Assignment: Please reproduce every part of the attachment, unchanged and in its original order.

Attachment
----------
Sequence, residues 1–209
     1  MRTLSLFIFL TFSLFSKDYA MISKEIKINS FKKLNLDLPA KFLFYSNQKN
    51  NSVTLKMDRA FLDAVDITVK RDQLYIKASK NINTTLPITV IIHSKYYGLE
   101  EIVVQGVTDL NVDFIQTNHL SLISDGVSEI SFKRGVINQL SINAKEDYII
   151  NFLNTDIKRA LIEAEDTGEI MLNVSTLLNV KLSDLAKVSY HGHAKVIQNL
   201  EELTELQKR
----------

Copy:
Sequence, residues 1–209
     1  MRTLSLFIFL TFSLFSKDYA MISKEIKINS FKKLNLDLPA KFLFYSNQKN
    51  NSVTLKMDRA FLDAVDITVK RDQLYIKASK NINTTLPITV IIHSKYYGLE
   101  EIVVQGVTDL NVDFIQTNHL SLISDGVSEI SFKRGVINQL SINAKEDYII
   151  NFLNTDIKRA LIEAEDTGEI MLNVSTLLNV KLSDLAKVSY HGHAKVIQNL
   201  EELTELQKR